Tips for Keeping Medications Organized During Summer Vacations

Summer is finally here! But, before you take off on that trip you’ve been planning for months make sure you make a list of the medications you take and keep your essentials with you. Pack your medication in your carry-on bag.  Suitcases can get lost. The most important thing is to have it with you.

The trip can be unpredictable and the plans changed. Therefore, pack prescription medications in case you arrive late. Keep the prescription medication in its original packaging, if you can. If you are taking a controlled substance or using an injectable medication, either bring your prescription or a letter from your doctor that you are authorized to use the drug in question.

If you carry liquid medications in your bag, tell the TSA before passing the security check. And do not forget to top up the over-the-counter medications you need for upset stomach, allergies or pain should incase it requires it. And the other thing is that the drugs last longer and retain their effectiveness when stored in a dry and cool place. In summer, medications may be exposed to sunlight and moisture.

Keep your medication safe from sun and heat on road trips. and, if you drive to the beach, use a pill storage box to help you stay organized. Because if you are not in your routine during your trip, you easily lose the associations you have when you take the medication. These pill boxes are a great reminder of whether you took the medication that day and help you stay on track. If you change time zones, you must also stick to the calendar with your medication to make sure you do not miss the dose. Another useful tip is to take note of the generic versions of your medication. If you need an emergency refill, the brand of the medication may be different in another country.

Traveling with the medication checklist:

  • Check the INCB guidelines when traveling with narcotics or psychotropic drugs.
  • Look for drugs with potential for abuse (eg, anabolic steroids).
  • Keep in mind that many countries only allow a 30-day delivery of certain medications and require a prescription or an import license certificate.
  • Always keep the tablets in their original packaging and the information sheet. Keep a copy of your prescription, most especially for drugs that can easily affect the central nervous system.

Helpful Tips:

  • Use a pill organizer

They’re simple, cheap, and do the job. Our SafeTote Rx locking tote bags are perfect for summer traveling. Our bags hold anywhere from 8-12 bottles and they come with a lock to keep children and others from getting their hands on your medications. Most medicines can be kept with other medicines in compartments for a short period of time without them interacting. But you need to check with your doctor or pharmacist to make sure of it. Other variations on the subject: Try out the automatic pill dispensers that help you to organize your pills. Or put medication for different times of the day in bottles of different colors. You can also ask your pharmacy about pills that are available in “multiple doses”. They group medicines that have to be sorted in packaging with date and time. Be sure not to ask too many in advance when changing your prescriptions. Whatever you do, make sure the organizers are filled correctly. It is easy to drop two pills, where there should only be one, or put the wrong medication in a bottle.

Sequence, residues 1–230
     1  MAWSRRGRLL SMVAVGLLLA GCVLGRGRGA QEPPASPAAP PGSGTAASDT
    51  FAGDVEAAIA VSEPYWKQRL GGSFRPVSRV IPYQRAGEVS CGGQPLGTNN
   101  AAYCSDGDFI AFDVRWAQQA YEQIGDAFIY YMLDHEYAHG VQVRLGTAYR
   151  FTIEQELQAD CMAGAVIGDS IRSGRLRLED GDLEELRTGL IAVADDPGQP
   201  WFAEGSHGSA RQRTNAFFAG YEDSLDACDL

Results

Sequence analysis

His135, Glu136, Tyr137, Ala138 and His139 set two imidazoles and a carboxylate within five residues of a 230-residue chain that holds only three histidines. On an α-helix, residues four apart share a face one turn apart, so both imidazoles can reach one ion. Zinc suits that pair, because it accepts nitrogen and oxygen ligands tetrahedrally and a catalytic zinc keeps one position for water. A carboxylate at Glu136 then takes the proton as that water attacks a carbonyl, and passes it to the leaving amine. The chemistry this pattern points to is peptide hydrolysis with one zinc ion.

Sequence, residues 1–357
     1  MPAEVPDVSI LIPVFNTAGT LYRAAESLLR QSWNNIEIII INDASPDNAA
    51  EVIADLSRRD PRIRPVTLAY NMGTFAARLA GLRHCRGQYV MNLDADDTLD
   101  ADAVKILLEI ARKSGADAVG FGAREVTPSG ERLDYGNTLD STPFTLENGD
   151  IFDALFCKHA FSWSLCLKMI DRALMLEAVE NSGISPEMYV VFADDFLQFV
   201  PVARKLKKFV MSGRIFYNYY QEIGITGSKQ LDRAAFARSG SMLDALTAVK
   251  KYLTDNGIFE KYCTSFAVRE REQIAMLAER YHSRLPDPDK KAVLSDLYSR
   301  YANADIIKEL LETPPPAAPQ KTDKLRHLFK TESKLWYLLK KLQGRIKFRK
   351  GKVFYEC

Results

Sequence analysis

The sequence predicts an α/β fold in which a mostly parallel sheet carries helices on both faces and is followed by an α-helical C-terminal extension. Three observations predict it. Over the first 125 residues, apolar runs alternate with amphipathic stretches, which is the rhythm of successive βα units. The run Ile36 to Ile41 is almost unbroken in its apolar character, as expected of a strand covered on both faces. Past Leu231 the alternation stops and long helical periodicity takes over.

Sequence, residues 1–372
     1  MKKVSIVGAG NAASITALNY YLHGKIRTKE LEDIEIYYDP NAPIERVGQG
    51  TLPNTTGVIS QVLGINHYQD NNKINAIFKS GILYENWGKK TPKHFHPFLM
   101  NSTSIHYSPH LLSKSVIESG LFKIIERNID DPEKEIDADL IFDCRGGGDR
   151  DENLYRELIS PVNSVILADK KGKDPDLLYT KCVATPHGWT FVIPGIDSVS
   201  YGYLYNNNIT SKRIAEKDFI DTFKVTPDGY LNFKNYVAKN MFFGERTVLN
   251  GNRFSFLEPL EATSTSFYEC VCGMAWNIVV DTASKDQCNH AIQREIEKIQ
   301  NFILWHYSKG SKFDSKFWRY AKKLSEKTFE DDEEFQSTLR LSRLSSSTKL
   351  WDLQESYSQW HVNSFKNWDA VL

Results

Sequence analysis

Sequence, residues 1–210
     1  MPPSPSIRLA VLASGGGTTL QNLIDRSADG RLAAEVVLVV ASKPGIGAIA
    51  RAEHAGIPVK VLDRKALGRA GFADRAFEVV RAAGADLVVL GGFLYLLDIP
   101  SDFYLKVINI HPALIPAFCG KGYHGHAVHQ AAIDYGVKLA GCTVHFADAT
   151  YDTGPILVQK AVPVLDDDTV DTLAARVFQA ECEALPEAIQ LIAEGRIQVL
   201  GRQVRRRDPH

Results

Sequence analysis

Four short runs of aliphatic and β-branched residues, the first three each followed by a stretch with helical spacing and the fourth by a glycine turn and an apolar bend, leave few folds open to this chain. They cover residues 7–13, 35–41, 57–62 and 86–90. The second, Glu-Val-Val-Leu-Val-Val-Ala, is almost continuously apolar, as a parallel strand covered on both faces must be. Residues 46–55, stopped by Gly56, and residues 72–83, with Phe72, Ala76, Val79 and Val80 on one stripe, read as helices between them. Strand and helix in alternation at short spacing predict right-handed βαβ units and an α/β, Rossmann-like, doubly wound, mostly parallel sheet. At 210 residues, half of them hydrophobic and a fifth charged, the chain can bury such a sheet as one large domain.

• Set a schedule

It is easier to remember your pills if you take them at the same time. It is even better if you can attach your pill schedule to your normal routine. For example, take them with breakfast or brush your teeth at night. Always have a plan to fill your pills organizer. Do it on the same day each week before your summer vacation ends.

  • Set an alarm

The time zone of the country you will be spending your summer might be different from your time zone, you should make sure you know the time you will be takig your medications before travelling so to help you stay organised during your stay. You can do this on your phone, computer, or watch to remind yourself to take your pills. Program your phone or computer to send you an email or text message when it’s time for your meds. There are apps that can help, too. Research shows that technology can really help you stick to a schedule.

  • Make a checklist

A written chart that shows which medications to take and when to take them is another good way to stay organized during summer vacation. You can find them online or create them yourself. Add the name of the medicine, the dose, when you take it and what the pill looks like. Also mark special instructions example, if it should be taken with food. Leave space to verify that you have taken each dose. Update your medication list as soon as you change the prescriptions.

  • Talk to your doctor and pharmacist

If it is confusing to take medicines several times in a day, then you can ask your doctor if he/she can prescribe an alternative that you can take less frequently during the summer holidays. Remember that your pharmacist is an important part of your health care team. Your pharmacy’s computer system stores a list of your medications. He or she can help you create a checklist. If you have a Medicare drug plan, you may be eligible to receive medication counseling through a free program called Medication Therapy Management.

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